In recent posts about Rupert Murdoch, I have used graphics, prose and rhyme to depict the man as a pirate and his media empire as the ship on which he sails the 7 seas. I’m glad to learn that at least one person agrees with me … Rupert Murdoch himself. In his post How Bad Is News Corp.? (ADWEEK.com), Michael Wolff relates:
When I was beginning my book, just after the company acquired Dow Jones, Murdoch was being encouraged to think about a new branding campaign for the company (“branding” is a modern concept Murdoch would otherwise sneer at) — the notion he fastened on and had to be talked out of involved making the symbol of the company a pirate ship.
But technology marches on and Murdoch’s Jolly Ship Empire sprouts wings and catches the eye of the FAA. In her post FAA Looks Into News Corp’s Daily Drone, Raising Questions About Who Gets to Fly Drones in the U.S. (Forbes.com) Kashmir Hill relates that the FAA is looking into this latest droning Murdoch matter. Meanwhile, she says, there are plans afoot to make this type of surveillance legal. So, one wonders: Is Murdoch’s eye in the sky his Flying Dutchman or is it the wave of our future?
Lester Haines picks up on Hill’s post with Murdoch accused of operating illegal US air force (The Register.com). The headline is hyperbolic, but Haines is good on the tech aspects of the drone. His speculation that: “The WASP’s compact computer may be of particular interest to News Corporation since it is capable of sniffing Wi-Fi networks and intercepting mobile phone calls” does not seem wild in light of the Murdoch Empire’s recent problems in Britain. But while Haines’ speculation is probably not wild, his imaginings for Murdoch’s front door probably are … but one can dream.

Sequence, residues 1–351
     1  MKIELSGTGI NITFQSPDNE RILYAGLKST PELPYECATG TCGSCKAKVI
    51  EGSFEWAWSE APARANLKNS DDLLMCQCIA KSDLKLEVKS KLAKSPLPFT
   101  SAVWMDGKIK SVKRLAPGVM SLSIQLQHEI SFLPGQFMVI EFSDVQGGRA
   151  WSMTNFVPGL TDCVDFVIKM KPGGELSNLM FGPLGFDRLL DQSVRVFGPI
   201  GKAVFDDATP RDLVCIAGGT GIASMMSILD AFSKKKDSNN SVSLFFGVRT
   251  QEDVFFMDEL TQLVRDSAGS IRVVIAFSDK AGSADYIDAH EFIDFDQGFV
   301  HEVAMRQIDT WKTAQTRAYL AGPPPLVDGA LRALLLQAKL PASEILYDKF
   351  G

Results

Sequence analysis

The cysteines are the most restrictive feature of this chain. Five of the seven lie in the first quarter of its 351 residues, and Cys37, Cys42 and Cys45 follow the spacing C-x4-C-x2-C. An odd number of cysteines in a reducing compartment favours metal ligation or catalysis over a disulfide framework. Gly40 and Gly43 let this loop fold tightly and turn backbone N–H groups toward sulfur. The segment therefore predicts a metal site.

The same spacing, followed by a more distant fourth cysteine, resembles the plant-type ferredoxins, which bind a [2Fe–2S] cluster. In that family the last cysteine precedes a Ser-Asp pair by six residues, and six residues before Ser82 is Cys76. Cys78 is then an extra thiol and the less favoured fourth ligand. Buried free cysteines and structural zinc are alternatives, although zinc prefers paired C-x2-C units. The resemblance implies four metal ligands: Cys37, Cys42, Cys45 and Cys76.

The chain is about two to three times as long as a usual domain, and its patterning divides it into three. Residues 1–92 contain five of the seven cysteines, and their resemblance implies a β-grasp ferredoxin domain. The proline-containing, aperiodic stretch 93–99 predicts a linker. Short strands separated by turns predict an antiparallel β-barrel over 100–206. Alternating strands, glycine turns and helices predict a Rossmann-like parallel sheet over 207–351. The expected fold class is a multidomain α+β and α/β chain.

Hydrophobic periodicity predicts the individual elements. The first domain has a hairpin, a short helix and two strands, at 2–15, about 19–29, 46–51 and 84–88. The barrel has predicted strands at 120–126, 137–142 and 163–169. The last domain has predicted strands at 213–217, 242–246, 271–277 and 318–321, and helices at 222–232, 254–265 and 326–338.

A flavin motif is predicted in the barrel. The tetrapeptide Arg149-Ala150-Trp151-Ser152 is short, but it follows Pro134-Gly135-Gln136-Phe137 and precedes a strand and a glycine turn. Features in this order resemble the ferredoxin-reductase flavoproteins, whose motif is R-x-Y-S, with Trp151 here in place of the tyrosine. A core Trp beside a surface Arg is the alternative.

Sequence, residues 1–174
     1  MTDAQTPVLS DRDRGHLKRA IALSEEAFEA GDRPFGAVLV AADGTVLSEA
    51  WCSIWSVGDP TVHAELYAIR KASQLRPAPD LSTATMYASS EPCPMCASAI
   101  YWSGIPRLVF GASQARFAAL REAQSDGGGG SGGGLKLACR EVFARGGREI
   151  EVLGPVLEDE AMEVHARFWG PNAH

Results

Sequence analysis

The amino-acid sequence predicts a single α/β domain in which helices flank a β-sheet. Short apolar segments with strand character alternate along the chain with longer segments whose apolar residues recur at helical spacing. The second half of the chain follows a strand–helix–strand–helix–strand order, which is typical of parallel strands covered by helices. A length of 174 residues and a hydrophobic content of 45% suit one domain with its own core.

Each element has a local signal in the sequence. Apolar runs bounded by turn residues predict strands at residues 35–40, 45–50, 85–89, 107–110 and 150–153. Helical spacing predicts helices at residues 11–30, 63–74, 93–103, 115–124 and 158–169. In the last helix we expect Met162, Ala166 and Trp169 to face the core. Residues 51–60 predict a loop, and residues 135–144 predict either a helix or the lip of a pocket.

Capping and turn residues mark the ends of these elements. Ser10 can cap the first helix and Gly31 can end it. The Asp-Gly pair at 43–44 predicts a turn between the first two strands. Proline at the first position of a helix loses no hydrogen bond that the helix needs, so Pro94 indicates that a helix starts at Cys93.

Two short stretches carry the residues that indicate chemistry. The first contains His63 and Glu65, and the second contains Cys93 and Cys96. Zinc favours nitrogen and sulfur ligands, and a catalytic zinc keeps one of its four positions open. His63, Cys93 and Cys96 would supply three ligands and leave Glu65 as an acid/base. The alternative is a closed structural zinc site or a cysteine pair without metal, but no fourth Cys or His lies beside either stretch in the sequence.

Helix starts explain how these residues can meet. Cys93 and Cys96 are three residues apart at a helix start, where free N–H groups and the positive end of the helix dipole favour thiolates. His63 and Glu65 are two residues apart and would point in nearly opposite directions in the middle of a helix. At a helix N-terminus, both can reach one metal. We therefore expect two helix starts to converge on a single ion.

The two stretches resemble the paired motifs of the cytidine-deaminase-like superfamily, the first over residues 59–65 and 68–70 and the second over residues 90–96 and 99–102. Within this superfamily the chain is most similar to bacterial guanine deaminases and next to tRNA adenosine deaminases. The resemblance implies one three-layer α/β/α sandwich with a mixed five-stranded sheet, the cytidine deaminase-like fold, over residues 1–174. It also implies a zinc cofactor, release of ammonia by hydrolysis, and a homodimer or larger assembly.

The FAA may be the lesser of Murdoch’s worries. According to Wolff:
Well-sourced information coming out of the Department of Justice and the FBI suggests a debate is going on that could result in the recently launched investigations of News Corp. falling under the RICO statutes.
And as Wolff documents, there’s already some good evidence out in the public domain about illegal activities, including:
charges that one of its subsidiaries, News America Marketing, illegally hacked the computer system of a competitor, Floorgraphics, and then, using the information it had gleaned, tried to extort it into selling out to News Corp.; allegations that relationships the New York Post has maintained with New York City police officers may have involved exchanges of favors and possibly money for information; and accusations that Fox chief Roger Ailes sought to have an executive in the company, the book publisher Judith Regan, lie to investigators about details of her relationship with New York police commissioner Bernie Kerik in order to protect the political interests of Rudy Giuliani, then a presidential prospect…
There is the inexplicable story of Richard Johnson, the Post’s Page Six editor who admitted to taking payoffs from sources that wanted favorable coverage. He has continued to thrive in the company. There’s the executive at News America Marketing, Paul Carlucci, who despite the apparent and costly illegalities that occurred under his management, was promoted within News Corp. And there’s Bill O’Reilly: well-documented charges of sexual harassment have not in the least dimmed his career at Fox News.
There’s much, much more in the article, including discussion about how News Corp. hires “the kind of people who would be in thrall to one man.” I believe those kind of people are called “authoritarians;” they like “authoritarianism.” Which makes them anti-democratic.